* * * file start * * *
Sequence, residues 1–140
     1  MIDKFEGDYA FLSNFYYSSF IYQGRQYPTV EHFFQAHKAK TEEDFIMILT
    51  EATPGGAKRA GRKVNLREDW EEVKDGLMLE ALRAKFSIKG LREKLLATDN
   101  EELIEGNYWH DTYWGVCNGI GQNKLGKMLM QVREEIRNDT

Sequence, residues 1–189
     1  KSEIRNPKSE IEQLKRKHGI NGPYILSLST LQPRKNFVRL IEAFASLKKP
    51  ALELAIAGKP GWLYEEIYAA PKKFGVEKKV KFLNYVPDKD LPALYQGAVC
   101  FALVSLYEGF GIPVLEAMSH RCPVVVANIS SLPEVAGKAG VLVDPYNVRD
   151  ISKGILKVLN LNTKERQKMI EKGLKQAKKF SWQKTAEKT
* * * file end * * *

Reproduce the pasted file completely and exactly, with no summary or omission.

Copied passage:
Sequence, residues 1–140
     1  MIDKFEGDYA FLSNFYYSSF IYQGRQYPTV EHFFQAHKAK TEEDFIMILT
    51  EATPGGAKRA GRKVNLREDW EEVKDGLMLE ALRAKFSIKG LREKLLATDN
   101  EELIEGNYWH DTYWGVCNGI GQNKLGKMLM QVREEIRNDT

Sequence, residues 1–189
     1  KSEIRNPKSE IEQLKRKHGI NGPYILSLST LQPRKNFVRL IEAFASLKKP
    51  ALELAIAGKP GWLYEEIYAA PKKFGVEKKV KFLNYVPDKD LPALYQGAVC
   101  FALVSLYEGF GIPVLEAMSH RCPVVVANIS SLPEVAGKAG VLVDPYNVRD
   151  ISKGILKVLN LNTKERQKMI EKGLKQAKKF SWQKTAEKT